When we first arrived in Glacier NP, there was a sign that showed whether campgrounds were full or open. The first one we wanted to try and camp at said it was open! We were very excited, but as we drove through the campground it seemed like there was only one open site left and it was a handicap site.
We decided to ask the camp host and he said that we could have it for the night, but would need to move the following morning into another site if we could find one that was opened. First things first Wyatt helped with setting up our tent.
Next we headed to the store, poor Wyatt was exhausted from the day and fell asleep in the shopping cart.
By the time we got back to the site he was jumping off every rock he could.
Then helping us with dinner… in his own way 🙂
After dinner we did a few little hikes to Lake McDonald and a nearby Amphitheater overlooking Lake McDonald. Lake McDonald is the largest lake in the national park at roughly ten miles long and just over a mile wide.
There are four nations that work together to protect the history and the resources of Glacier and the surrounding area. These four nations are Canada, The United States, the Flathead Nation, and the Blackfeet Nation.
The Great Northern Railway gave access to the West for vacationing. This resulted in lodging and trails being put in Glacier National Park.
- “Crown of the Continent”
- Established on May 11, 1910
- First International Peace Park, International Biosphere Reserve and International Peace Park World Heritage Site
- Four Habitats: Alpine, Forest, Aquatic, and Grasslands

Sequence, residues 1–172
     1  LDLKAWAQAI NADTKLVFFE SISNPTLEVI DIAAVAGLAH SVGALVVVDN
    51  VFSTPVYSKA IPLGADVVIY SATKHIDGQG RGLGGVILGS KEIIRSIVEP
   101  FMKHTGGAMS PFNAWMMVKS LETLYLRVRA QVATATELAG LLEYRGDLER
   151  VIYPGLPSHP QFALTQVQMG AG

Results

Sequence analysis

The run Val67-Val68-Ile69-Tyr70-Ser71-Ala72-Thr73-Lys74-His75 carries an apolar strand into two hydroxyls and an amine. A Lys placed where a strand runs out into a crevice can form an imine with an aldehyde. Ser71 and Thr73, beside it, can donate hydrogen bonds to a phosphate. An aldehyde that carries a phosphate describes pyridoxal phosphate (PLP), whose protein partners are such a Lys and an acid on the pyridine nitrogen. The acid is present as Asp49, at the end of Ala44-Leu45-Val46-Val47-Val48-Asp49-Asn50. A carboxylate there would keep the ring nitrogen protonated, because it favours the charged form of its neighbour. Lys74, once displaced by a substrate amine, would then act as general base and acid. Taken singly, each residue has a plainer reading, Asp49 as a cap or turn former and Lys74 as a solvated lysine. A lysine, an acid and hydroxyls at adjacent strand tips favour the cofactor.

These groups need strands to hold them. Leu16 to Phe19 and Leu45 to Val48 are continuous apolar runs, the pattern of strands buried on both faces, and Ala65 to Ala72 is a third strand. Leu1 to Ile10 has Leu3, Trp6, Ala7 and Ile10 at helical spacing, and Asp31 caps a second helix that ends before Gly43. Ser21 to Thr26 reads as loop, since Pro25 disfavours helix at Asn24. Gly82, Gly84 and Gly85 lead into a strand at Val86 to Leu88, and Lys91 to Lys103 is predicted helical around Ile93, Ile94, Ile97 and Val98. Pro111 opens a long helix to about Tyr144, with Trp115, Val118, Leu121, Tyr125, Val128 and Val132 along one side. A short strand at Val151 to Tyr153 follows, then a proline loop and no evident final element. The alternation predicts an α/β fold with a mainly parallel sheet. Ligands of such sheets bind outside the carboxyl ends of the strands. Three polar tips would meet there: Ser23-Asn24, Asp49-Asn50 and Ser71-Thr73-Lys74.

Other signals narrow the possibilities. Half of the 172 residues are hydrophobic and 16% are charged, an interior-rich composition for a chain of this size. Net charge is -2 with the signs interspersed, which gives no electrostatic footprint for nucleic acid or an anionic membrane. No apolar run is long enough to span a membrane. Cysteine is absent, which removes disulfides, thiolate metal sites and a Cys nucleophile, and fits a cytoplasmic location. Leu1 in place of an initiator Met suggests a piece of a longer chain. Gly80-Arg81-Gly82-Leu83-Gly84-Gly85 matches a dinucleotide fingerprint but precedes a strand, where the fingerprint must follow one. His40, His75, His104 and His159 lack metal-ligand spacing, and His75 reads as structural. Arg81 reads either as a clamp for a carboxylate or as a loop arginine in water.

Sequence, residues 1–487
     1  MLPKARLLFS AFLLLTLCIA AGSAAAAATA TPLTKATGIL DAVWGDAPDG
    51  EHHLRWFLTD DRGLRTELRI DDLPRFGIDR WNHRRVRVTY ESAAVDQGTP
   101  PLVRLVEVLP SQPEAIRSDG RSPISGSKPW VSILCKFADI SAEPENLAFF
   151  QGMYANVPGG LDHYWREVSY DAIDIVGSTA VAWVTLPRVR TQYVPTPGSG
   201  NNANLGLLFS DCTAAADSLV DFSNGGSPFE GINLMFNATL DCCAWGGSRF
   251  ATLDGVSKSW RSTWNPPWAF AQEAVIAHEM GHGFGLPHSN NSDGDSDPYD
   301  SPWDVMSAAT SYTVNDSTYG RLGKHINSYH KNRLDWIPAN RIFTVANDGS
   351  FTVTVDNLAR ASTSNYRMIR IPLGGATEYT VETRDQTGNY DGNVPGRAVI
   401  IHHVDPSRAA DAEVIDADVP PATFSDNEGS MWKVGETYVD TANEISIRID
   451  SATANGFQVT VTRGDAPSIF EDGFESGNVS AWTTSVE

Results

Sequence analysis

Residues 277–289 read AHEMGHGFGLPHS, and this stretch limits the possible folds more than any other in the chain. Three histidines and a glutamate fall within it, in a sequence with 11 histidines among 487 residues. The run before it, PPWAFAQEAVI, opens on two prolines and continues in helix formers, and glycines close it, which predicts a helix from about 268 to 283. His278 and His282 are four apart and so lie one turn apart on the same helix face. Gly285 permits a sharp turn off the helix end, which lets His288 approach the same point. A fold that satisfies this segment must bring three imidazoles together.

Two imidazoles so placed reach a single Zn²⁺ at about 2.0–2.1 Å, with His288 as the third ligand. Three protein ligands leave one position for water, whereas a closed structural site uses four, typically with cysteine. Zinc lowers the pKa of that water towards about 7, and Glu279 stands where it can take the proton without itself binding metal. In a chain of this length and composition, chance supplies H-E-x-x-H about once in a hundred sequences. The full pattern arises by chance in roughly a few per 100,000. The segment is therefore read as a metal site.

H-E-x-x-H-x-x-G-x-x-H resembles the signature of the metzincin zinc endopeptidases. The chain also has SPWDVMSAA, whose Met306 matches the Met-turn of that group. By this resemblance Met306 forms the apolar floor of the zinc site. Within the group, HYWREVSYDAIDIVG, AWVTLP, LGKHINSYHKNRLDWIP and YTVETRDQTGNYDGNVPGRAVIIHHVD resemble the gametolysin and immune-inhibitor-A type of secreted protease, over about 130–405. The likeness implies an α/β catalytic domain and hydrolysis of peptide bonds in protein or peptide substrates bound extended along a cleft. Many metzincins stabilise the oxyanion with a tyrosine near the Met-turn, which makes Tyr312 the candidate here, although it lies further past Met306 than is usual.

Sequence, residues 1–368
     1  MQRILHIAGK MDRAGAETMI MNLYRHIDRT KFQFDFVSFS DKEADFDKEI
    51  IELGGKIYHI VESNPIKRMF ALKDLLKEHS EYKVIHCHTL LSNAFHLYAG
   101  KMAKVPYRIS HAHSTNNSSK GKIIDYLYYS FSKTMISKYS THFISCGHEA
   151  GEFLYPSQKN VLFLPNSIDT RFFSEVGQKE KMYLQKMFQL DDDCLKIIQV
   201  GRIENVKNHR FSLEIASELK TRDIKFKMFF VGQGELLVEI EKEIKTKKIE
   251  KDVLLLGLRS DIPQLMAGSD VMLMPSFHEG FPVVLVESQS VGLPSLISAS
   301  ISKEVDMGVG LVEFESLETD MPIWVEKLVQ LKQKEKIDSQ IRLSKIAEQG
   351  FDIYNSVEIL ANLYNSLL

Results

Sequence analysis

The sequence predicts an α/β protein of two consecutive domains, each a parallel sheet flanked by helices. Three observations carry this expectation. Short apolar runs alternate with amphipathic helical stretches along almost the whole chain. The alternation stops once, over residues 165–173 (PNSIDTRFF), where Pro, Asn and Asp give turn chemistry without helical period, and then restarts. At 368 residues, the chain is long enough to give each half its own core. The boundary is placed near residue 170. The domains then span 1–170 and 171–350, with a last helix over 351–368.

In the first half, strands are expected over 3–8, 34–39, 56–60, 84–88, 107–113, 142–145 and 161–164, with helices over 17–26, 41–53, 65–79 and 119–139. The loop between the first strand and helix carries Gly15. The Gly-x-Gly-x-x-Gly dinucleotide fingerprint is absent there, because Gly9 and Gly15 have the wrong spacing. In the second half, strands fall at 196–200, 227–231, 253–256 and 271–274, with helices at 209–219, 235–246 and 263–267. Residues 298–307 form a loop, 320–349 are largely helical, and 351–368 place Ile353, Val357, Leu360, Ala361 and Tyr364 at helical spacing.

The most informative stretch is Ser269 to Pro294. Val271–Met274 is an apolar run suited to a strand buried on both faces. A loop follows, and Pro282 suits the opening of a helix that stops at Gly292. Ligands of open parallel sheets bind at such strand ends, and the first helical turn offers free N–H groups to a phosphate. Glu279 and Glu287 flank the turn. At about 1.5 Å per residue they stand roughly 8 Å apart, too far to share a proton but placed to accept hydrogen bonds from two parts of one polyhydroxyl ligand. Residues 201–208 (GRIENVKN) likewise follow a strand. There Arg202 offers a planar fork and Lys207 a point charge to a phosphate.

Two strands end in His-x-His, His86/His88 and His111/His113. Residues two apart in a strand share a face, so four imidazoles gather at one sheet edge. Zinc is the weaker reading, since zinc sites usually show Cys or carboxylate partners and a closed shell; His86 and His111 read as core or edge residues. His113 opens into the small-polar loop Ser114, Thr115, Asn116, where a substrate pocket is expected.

- Over 1,000 campsites
- Over 745 miles of trail
- 26 glaciers, 762 lakes, 131 of which are named
The following morning was a special day for a very special guy in my life…
We had to change our camping site then we hit the road for the day. Our plan was to drive Going-to-the-Sun Road through the National Park followed by Many Glacier Valley on the east side of the park. The Road was completed in 1932 spanning 50 miles from the West to the East of Glacier National Park. It has many turns with some narrow points and and some low passage ways, but many gorgeous views and turnouts towards hikes and viewpoints. It is really crazy to think that a road created over 80 years ago is still the main road to view this park, but it definitely does the park justice. Strongly recommend this for anyone visiting to get a general idea of the park and to get the lay of the land.
It was a LOT hotter than we were expecting it to be (mid to high 90’s), so we only went on one hike. The hike we went one was very pretty with lots of flowers and only a slight elevation change. As a bonus, it went to a waterfall!
When we finished the Going-to-the-Sun Road, we went over to Many Glacier Valley, which was recommended to me by a few people I had met so far in my travels. It was soooo clear and you really can get an idea of the “Big Sky Country.” Megan and Wyatt got their first experience with free-range cows also!
We stopped in Browning, MT to get stuff for dinner and we wanted to get something for Megan and I to have to drink once Wyatt was in bed. Unfortunately we instead were greeted by this sign in the store….
It seems that the local tribes have had drinking problems in the past and have a weekend of no alcohol sales to bring awareness to these problems. Luckily we were still able to get dinner foods and a cake for the birthday boy (and he was nice enough to share with us).
Last but never least, a picture of my Jr. Ranger badge and souvenirs!
NEXT TIME at Glacier: I would NEED to spend more time. We didn’t realize how long it would talk to go through the road, especially in early July. In the future I would want a reserved site (so I wouldn’t have to worry about moving) and I would want to go on more hikes,preferably when its a bit cooler temperature also.